Skip to main content
Statistics LibreTexts

11.7: On the Relationship Between ANOVA and the Student t Test

  • Page ID
  • \( \newcommand{\vecs}[1]{\overset { \scriptstyle \rightharpoonup} {\mathbf{#1}} } \) \( \newcommand{\vecd}[1]{\overset{-\!-\!\rightharpoonup}{\vphantom{a}\smash {#1}}} \)\(\newcommand{\id}{\mathrm{id}}\) \( \newcommand{\Span}{\mathrm{span}}\) \( \newcommand{\kernel}{\mathrm{null}\,}\) \( \newcommand{\range}{\mathrm{range}\,}\) \( \newcommand{\RealPart}{\mathrm{Re}}\) \( \newcommand{\ImaginaryPart}{\mathrm{Im}}\) \( \newcommand{\Argument}{\mathrm{Arg}}\) \( \newcommand{\norm}[1]{\| #1 \|}\) \( \newcommand{\inner}[2]{\langle #1, #2 \rangle}\) \( \newcommand{\Span}{\mathrm{span}}\) \(\newcommand{\id}{\mathrm{id}}\) \( \newcommand{\Span}{\mathrm{span}}\) \( \newcommand{\kernel}{\mathrm{null}\,}\) \( \newcommand{\range}{\mathrm{range}\,}\) \( \newcommand{\RealPart}{\mathrm{Re}}\) \( \newcommand{\ImaginaryPart}{\mathrm{Im}}\) \( \newcommand{\Argument}{\mathrm{Arg}}\) \( \newcommand{\norm}[1]{\| #1 \|}\) \( \newcommand{\inner}[2]{\langle #1, #2 \rangle}\) \( \newcommand{\Span}{\mathrm{span}}\)\(\newcommand{\AA}{\unicode[.8,0]{x212B}}\)

    There’s one last thing before moving on to non-parametric alternatives to ANOVA. It’s something that a lot of students ask about, and many people find the answer surprising, but it’s worth knowing about: an ANOVA with two groups is identical to the Student t-test. No, really. It’s not just that they are similar, but they are actually equivalent in every meaningful way.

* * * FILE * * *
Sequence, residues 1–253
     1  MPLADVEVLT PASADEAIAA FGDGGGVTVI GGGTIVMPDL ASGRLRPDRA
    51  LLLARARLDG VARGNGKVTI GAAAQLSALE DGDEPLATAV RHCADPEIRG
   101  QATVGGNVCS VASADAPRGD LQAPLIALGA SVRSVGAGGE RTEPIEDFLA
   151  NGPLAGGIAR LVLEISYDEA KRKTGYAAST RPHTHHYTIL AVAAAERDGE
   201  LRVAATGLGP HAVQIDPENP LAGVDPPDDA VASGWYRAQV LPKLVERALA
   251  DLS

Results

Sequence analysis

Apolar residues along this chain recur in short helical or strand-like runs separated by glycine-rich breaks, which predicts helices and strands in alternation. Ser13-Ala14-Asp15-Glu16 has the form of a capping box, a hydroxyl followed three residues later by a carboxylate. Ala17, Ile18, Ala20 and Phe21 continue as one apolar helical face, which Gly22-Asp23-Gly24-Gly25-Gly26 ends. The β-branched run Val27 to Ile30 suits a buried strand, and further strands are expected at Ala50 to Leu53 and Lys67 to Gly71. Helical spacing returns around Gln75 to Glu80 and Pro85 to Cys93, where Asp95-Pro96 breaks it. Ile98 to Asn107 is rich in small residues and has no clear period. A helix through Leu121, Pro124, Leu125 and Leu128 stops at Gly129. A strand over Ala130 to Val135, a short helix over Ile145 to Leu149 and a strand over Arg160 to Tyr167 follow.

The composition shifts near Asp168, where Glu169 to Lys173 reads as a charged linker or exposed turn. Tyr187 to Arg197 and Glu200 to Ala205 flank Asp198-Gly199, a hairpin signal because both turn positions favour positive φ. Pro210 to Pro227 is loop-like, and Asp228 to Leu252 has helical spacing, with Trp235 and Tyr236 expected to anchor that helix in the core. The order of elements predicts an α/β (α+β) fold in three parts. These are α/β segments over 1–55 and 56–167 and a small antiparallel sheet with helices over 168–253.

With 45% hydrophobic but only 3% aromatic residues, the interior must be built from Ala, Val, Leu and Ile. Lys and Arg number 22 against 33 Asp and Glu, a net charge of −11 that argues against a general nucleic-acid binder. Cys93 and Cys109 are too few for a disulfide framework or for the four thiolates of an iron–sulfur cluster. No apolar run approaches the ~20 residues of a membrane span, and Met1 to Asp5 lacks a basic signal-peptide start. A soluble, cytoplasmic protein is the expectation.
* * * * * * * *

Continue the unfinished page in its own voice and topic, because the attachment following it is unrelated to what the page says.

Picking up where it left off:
You are encouraged to try this yourself!  Iif you do conduct an independent samples t-test and a BG ANOVA on the same data, you will get different calculated answers but statistical software will show you that that the actual p-value is identical.   What's more, if you square the calculated t-score, you should get pretty close to the calculated F-value!  Math is so weird.

    Dr. MO has been tempted to turn to ANOVAs because it takes into account within-group variation, but it turns out, mathematically, it doesn't matter!  When you only have two groups, use whichever analysis you prefer! 

    This page titled 11.7: On the Relationship Between ANOVA and the Student t Test is shared under a CC BY-SA license and was authored, remixed, and/or curated by Michelle Oja.